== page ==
AUSA: In February 2014, when Russian troops seized Crimea, almost no one in the US Army had trained for great power war. But since then, the head of Forces Command told me, every active-duty combat brigade has gone through at least one high-intensity wargame at the famed Combat Training Centers on Fort Irwin, Calif. and Fort Polk, La. 80 percent have gone through twice, and several, three times.
It’s the revived Russian threat that, more than anything, is driving the Army to change: accelerating acquisition, rewriting doctrine and overhauling training. While the Army had looked ahead and begun work on what’s now called the Decisive Action Training Environment (DATE) back in 2011, “things really changed in February, 2014,” Abrams told me at the Association of the US Army conference here. It was that year the first high-intensity wargames (called “rotations”) began.
“80 percent have been through two,” Gen. Robert Abrams told me, “and we’ve got probably four or five that have been through three.” Even troops headed for Afghanistan, Iraq, or Syria get trained on big-war skills before they go – in stark contrast to the past decade of training intensively for counterinsurgency in a particular district. On the flipside, the new training mixes some of the crucial lessons of irregular warfare into the conventional battle.
But you can’t just dust off Cold War training manuals in an era when Russian propaganda, proxies, and Little Green Men strike before the tank divisions invade, and when old-school Katyusha rockets strike targets that drones have pinpointed. “A lot of people have wrongfully assumed that we’ve gone back in time to fight our previous threat models, sort of a high-end conventional force,” Abrams said. “That could not be further from the truth.”
A veteran of the training centers’ Cold War heyday in the 1980s – like Abrams himself –would recognize the terrain, the American armored vehicles mocked-up as Russian tanks, the friendly and “enemy” planes staging simulated airstrikes, he said. They wouldn’t recognize the quadcopters spying on US units, the Opposing Force (OPFOR) soldiers fighting out of uniform as guerrillas, the contractors roleplaying local civilians, the local officials and ostensibly friendly security forces. They wouldn’t recognize the cyber and electronic warfare attacks that can disrupt the high-tech networks, GPS navigation, and constant communications – to the point of micromanagement – that US troops have grown reliant on since 9/11.
All this complexity requires leaders to show much more initiative. “Before, in the ’80s and ’90s, it was very rote,” Abrams said. “You would get there on this day and on Friday, you would do a road march out, and you’d get an order for an attack, and you would go attack. And then, four hours after the attack was done, you’d do an After Action Review, you’d get another order, and you’d get ready do something else. It was all very lockstep.”
For example, almost every unit training at Fort Polk used to start on the east side of the base, at landing zone Geronimo, and then advance west. Units at Fort Irwin got to move either east to west or west to east, but other directions were all but unheard of. Now, said Abrams, units have to start in different places and move in different directions, including – and this is apparently a shocker in Combat Training Center culture – north to south. Instead of being standardized, the scenario is different for every unit that arrives.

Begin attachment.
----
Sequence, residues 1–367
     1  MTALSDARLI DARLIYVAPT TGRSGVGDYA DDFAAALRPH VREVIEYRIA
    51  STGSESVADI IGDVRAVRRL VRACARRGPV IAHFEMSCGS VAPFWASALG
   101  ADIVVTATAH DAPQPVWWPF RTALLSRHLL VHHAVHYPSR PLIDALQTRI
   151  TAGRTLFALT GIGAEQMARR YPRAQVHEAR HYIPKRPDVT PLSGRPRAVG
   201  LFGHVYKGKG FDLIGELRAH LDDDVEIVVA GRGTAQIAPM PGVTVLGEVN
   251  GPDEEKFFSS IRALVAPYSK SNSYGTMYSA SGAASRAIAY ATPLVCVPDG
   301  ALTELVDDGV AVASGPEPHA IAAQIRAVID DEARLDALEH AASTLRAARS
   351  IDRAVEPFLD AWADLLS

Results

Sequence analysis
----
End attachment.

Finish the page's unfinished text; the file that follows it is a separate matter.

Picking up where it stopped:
Nor do you stick to the scenario. In the old days, “if you saw opportunities we did not allow you to deviate” from the scenario, said Abrams. Today, by contrast, “it’s much more continuous, it’s much more free-flowing.” If a commander sees an opening or picks up intelligence – perhaps from conventional scouts, perhaps from talking with the villagers – then he or she can go off-script and seize the opportunity. If that bypasses part of the planned training scenario, so be it, Abrams told me. The operations center staff at the training centers is now flexible enough to insert alternative ways to test any skills that were missed.
Not all commanders thrive in this environment. In one wargame, the brigadier sent one of his battalions ahead to scout some crucial passes before the main body attacked them. When the battalion got there, it found no enemy: The passes were unguarded. While the battalion commander’s orders were to scout, not seize, the larger purpose – what’s called “commander’s intent” – was clearly to get the brigade through the passes.
But the Opposing Force was messing with communications, which meant the battalion commander couldn’t easily check with his superiors. Instead of seizing the opportunity and the passes, Abrams said, “he sat for 10 hours wanting to reestablish good coms with his higher headquarters and make sure he wasn’t getting too far out in front.”
By the time the battalion commander felt confident enough to go ahead, the OPFOR had moved two companies into defensive positions. What could have been an unopposed cakewalk turned into an all-night fight.
“This is much, much more difficult than when I was a company commander, an operations officer, or a battalion commander,” Abrams said. When old soldiers complain about the changes, “I tell them all, hey, if you thought it was hard before, you ain’t seen nothing yet.”